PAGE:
Professor Edelman Authors New Book on Poverty
May 29, 2012 —
Why is it so hard to end poverty in this country? And why has poverty in America grown steadily worse over the last decade? Is America headed in the wrong direction in this ongoing struggle?
A longtime champion in the fight against poverty, Georgetown University Law Center Professor Peter Edelman asks these difficult questions and more in his new book, So Rich, So Poor: Why It’s So Hard to End Poverty in America (The New Press, 2012).
"Bobby believed that, 'as long as there is plenty, poverty is evil.' Much has changed in 45 years, but as Peter eloquently reminds us, far too many Americans remain trapped in the web of economic injustice. His compassionate and singular voice awakens our conscience and calls us to action," says Ethel Kennedy.
Author and activist Barbara Ehrenreich notes, "Peter Edelman brings blinding lucidity to a subject usually mired in prejudice and false preconceptions. Before we have one more discussion of how America can combat its persistent and growing levels of poverty, could everyone please read this book?"
"If there is one essential book on the great tragedy of poverty and inequality in America, this is it. Peter Edelman is masterful on the issue. With a real-world grasp of politics and the economy, Edelman makes a brilliantly compelling case for what can and must be done," writes former New York Times columnist Bob Herbert.
Edelman explores why, despite the achievements of the New Deal, the Great Society and other social programs, there is still so much poverty in this country. He maintains that three largely unforeseen forces in the late 1960s, fundamental economic changes, a substantial increase in the number of single-parent families and the politics of race and gender, account for the course of American poverty over the past forty years.
Edelman believes that public policy, including President Obama’s stimulus legislation, has done a great deal to help poor people in this country. He contends that policy gains have outweighed policy losses; however, he contends these gains have been nullified by economic trends that have bestowed greater wealth on the wealthiest Americans, while sending an ever-increasing number of people into poverty, and in some cases, extreme poverty.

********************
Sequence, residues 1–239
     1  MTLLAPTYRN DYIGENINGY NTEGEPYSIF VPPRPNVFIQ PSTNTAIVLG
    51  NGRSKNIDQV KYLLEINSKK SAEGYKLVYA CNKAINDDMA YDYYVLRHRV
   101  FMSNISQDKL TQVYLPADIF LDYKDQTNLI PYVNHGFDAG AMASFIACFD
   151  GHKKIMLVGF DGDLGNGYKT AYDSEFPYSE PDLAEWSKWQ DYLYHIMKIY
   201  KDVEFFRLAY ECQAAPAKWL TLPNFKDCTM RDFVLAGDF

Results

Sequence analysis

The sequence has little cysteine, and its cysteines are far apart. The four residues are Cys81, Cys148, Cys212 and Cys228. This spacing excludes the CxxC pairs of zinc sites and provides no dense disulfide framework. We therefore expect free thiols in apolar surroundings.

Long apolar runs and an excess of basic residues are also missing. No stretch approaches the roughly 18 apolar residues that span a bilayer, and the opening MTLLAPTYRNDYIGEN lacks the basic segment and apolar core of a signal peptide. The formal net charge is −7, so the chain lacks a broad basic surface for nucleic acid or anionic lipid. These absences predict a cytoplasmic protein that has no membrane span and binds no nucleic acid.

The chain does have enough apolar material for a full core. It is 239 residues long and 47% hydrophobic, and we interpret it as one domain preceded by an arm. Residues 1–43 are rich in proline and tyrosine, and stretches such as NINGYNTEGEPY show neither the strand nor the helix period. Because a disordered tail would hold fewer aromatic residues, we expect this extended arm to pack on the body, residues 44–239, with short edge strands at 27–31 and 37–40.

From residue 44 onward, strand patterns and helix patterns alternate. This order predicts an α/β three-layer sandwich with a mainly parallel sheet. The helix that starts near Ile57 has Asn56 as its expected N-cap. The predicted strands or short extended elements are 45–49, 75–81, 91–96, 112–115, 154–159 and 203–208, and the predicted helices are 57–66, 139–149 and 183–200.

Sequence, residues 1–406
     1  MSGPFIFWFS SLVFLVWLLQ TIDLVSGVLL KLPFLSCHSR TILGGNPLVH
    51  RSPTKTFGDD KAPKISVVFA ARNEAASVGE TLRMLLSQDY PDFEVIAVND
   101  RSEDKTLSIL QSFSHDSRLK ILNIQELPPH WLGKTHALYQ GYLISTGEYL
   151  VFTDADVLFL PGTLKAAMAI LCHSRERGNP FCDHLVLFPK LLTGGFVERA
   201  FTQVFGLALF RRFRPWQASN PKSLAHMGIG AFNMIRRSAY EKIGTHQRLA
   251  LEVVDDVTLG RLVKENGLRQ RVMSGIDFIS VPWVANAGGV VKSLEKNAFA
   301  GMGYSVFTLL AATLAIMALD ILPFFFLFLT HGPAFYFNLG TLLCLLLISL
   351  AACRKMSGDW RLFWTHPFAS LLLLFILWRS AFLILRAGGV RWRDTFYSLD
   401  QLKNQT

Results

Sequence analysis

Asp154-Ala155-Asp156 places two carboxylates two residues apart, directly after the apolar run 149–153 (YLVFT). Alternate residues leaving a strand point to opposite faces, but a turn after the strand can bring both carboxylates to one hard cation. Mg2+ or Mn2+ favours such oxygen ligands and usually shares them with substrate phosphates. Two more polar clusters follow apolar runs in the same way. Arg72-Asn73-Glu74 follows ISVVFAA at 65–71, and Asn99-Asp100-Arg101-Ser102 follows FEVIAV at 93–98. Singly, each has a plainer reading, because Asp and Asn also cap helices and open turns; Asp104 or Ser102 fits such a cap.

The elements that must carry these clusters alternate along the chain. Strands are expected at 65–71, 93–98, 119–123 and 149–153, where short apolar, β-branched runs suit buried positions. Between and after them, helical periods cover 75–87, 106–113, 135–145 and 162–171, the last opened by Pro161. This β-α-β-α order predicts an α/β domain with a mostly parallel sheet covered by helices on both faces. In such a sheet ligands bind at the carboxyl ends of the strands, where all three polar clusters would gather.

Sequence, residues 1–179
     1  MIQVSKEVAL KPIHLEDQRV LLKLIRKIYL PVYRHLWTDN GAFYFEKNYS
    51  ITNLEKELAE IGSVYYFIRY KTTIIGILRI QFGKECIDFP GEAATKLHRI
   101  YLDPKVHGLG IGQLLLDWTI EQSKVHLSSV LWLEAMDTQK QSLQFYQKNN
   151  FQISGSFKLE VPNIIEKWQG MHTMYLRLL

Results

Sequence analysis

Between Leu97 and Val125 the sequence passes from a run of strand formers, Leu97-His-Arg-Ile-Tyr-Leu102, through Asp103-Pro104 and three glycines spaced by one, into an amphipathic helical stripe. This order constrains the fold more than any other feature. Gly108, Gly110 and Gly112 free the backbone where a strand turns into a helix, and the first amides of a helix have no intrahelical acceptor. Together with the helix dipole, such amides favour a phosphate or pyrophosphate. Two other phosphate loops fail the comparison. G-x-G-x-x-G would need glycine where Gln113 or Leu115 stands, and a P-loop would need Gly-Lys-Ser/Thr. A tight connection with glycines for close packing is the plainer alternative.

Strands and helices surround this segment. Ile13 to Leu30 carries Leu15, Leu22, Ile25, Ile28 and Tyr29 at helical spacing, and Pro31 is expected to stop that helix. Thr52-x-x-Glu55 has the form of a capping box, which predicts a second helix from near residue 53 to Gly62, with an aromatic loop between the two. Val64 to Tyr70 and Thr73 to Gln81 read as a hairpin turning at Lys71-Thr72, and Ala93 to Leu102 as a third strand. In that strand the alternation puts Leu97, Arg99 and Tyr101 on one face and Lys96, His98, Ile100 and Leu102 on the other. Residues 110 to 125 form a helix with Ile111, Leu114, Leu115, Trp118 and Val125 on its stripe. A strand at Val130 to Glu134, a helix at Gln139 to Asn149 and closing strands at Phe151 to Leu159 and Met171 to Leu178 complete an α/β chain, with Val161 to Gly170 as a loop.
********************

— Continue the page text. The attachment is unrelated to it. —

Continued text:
Edelman views the ascendancy of the wealthy as not only a political and economic issue, but also a moral one, and addresses the dichotomy between Americans’ generosity and volunteerism and the challenges of galvanizing support for public policy directed at reducing poverty. He warns that Americans are digging themselves in a deeper hole if middle-income voters continue to identify with those at the top instead of those at the bottom.
Edelman fears we are heading in the wrong direction and argues that bold public policy and civic action are critical if we are to make progress on poverty. He recommends a roll back of the Bush tax cuts for the wealthiest Americans and a more intense focus on those who live in deep poverty, especially the six million Americans who have no income other than food stamps. If these measures aren’t enacted, Edelman cautions against the inevitability that America will bounce back.
Edelman has an extensive public interest background and is an expert in poverty, welfare, juvenile justice and constitutional law. In 1982, he came to Georgetown Law, where he teaches constitutional law, federal legislation, public interest lawyering and social welfare law and policy. Edelman took leave from the Law Center during President Clinton’s first term to serve as counselor to Health and Human Services Secretary Donna Shalala and as assistant secretary for planning and evaluation.
Edelman served as director of the New York State Division of Youth and as vice president of the University of Massachusetts. He was a legislative assistant to Sen. Robert F. Kennedy and issues director for Sen. Edward Kennedy’s presidential campaign in 1980. He was also a law clerk for Supreme Court Justice Arthur J. Goldberg and Judge Henry J. Friendly of the U.S. Court of Appeals for the 2nd Circuit, and worked in the U.S. Justice Department as special assistant to Attorney General John Douglas.
He is the author of Searching for America’s Heart: RFK and the Renewal of Hope (Houghton Mifflin, 2001), and the co-author of Reconnecting Disadvantaged Young Men (Urban Institute Press, 2006). He has written numerous articles on poverty, constitutional law, children and youth, and has received numerous honors and awards for his work. His Atlantic Monthly article, "The Worst Thing That Bill Clinton Has Done," earned him the Harry Chapin Media Award in 1997. He was the recipient of the Wiley A. Branton Award from the Washington Lawyers' Committee for Civil Rights and Urban Affairs in 2000. In 2005, Edelman was honored with the William J. Brennan Jr. Award for his commitment to public service and equal justice. The Council for Court Excellence presented him the Justice Potter Stewart Award in 2011.
Edelman is currently chair of the District of Columbia Access to Justice Commission; board chair of the American Constitution Society and the Public Welfare Foundation; board president of the National Center for Youth Law; board president emeritus of the New Israel Fund; and board member of the Center for Law and Social Policy, Center for American Progress Action Fund and several other organizations. He has been a U.S. - Japan Leadership Program Fellow, as well as a J. Skelly Wright Memorial Fellow at Yale Law School.